4. Oral Exercises: Some people find that performing oral exercises, such as tongue exercises or consciously keeping the tongue in a specific position, can help break the habit of biting.
  5. Chew Gum: Chewing sugar-free gum can provide an alternative oral activity and help redirect the impulse to bite the tongue. It also promotes jaw movement and may alleviate stress.
  6. Consult a Dentist: If tongue biting persists despite your efforts, consider consulting a dentist. They can assess your oral health, identify any contributing factors, and recommend appropriate interventions, such as a custom-fit night guard.
  7. Address Dental Issues: If misalignment of the teeth (malocclusion) is contributing to the tongue biting habit, orthodontic treatment or other dental interventions may be necessary to correct the underlying issue.
  8. Behavioral Therapy: In some cases, behavioral therapy or counseling may be beneficial, especially if tongue biting is linked to underlying psychological factors. A mental health professional can help explore and address these issues.

Remember, breaking habits takes time and persistence. If you find it challenging to stop biting your tongue on your own, seeking professional guidance can provide valuable insights and tailored strategies to address the behavior effectively.

Why does my tongue hurt?

Common Causes and Remedies for Tongue Pain

  • Cut on tongue

Sometimes we suffer an injury to the tongue separate from biting it.

Have a cut on your tongue? Depending on the severity of the cut, you may need to seek emergency help. If the cut is not so severe, here are some suggestions for treatment:

  • cold compress
  • saltwater solution (mix 1 tsp of salt to 1 cup of warm water) rinse
  • honey is a natural antibacterial. Rub honey directly on sore area up to 3x per day
  • coconut oil. Swish coconut oil around in your mouth for several minutes per day
  • wearing a set of soft mouth guards on both the upper and lower teeth will prevent the teeth from damaging the area further and allow for the wound to heal.

Avoid any spicy or acidic food as it can worsen tongue soreness

  • Nocturnal seizures (nighttime seizures)

Nocturnal Seizures (Nighttime Seizures)
Having seizures during the night can lead to involuntary biting of your tongue. If a person has
chronic seizures, they are more likely to experience biting on parts of the tongue, especially
the edges. Since seizures can cause muscle tension and jerking movements, it’s common
for these individuals to experience self-induced injuries as part of their episode. Tongue biting is a common symptom in people suffering from seizures.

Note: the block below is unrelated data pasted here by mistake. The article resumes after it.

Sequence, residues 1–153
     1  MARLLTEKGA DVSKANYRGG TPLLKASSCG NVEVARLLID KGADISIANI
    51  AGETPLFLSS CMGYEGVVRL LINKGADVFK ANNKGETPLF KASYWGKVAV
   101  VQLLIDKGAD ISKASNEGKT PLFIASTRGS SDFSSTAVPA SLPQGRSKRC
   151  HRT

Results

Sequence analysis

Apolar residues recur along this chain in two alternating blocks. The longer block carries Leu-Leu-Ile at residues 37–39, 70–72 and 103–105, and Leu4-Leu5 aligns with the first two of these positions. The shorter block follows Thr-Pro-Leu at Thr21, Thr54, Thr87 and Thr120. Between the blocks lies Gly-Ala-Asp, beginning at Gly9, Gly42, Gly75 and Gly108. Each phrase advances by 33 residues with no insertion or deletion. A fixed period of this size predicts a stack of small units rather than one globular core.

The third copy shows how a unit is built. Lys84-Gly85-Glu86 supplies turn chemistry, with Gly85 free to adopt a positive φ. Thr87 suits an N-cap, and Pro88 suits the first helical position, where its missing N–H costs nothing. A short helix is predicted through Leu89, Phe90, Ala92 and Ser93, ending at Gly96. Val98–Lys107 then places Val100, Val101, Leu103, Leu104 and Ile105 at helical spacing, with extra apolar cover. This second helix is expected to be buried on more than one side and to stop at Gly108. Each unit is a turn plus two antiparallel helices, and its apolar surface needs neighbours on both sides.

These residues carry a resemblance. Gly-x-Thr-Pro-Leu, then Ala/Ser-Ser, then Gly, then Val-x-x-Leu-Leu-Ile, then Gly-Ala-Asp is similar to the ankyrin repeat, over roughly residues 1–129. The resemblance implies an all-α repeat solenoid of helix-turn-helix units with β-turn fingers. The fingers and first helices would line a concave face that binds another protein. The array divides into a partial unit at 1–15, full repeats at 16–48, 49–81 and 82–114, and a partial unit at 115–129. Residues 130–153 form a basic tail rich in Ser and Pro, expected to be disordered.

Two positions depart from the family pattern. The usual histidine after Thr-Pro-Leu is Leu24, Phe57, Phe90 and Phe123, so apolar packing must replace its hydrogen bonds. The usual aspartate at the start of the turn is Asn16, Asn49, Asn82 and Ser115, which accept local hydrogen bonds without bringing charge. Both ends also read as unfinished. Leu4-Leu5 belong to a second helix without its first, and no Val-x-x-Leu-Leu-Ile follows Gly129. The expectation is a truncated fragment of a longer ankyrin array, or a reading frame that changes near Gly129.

Individuals suffering from nocturnal seizures may not seem to have any other symptom during
the daytime hours, making it harder to determine the cause of their tongue injuries. However,
the condition can be diagnosed by observing their brainwaves. Prescription medication is the
primary treatment for this medical disorder.

More on Nighttime Tongue Biting

Nighttime tongue biting is a problem that can be painful, lead to constant sores, and leave you feeling frustrated all day long. Everyone has bitten their tongue at one point or another, but it’s typically accidental (and happens when you’re eating or talking.) It’s also normal to occasionally bite
it while you’re sleeping. Having a large tongue or misaligned teeth can make you more susceptible.
But habitual nighttime tongue biting can lead to chronic problems.

How common is it to be a tongue chewer?

Tongue chewing, also known as morsicatio linguarum, is considered a relatively uncommon habit. It is estimated that tongue chewing affects a small percentage of the population, although the exact prevalence is not well-documented. This behavior can manifest as repetitive chewing or biting of the tongue, often without an apparent cause or trigger.

Some people are never aware of it but deduct what’s going on because of the chronic sores and pain. Determining the underlying cause can be difficult, especially if it’s linked with some type of
disease or illness. Working with your dentist and/or doctor can help you determine if the habitual injuries are due to something like bruxism, epilepsy, or sleep apnea. What are the statistics of each?

What damage can occur from excessive tongue biting?

1. Visible marks and/or scars along the lateral borders (sides) ofyour tongue that’s
called Morsication lingarum.
2. Bleeding due to constant trauma from the biting edges of your teeth.
3. Sores or “ulcers” on your tongue or an infection on tongue
4. A generally sore tongue

damage from tongue biting

I bite my tongue while I’m eating. What can I do?

If you frequently bite your tongue while eating, there are several steps you can take to minimize the occurrence of this problem:

  1. Slow down and be mindful: Take your time while eating and pay attention to the food in your mouth. Avoid rushing through your meals, as this can increase the chances of accidentally biting your tongue.
  2. Chew carefully: Make a conscious effort to chew your food thoroughly before swallowing. Take smaller bites and ensure that the food is adequately broken down before moving it around in your mouth.
  3. Be cautious with tough or chewy foods: Some foods, such as steak or hard candies, can be more challenging to chew and increase the risk of biting your tongue. Exercise caution when consuming these types of foods and be extra mindful of your tongue’s position.
  4. Modify your eating habits: Adjust your eating techniques to minimize the chances of biting your tongue. For example, try cutting your food into smaller, bite-sized pieces that are easier to manage.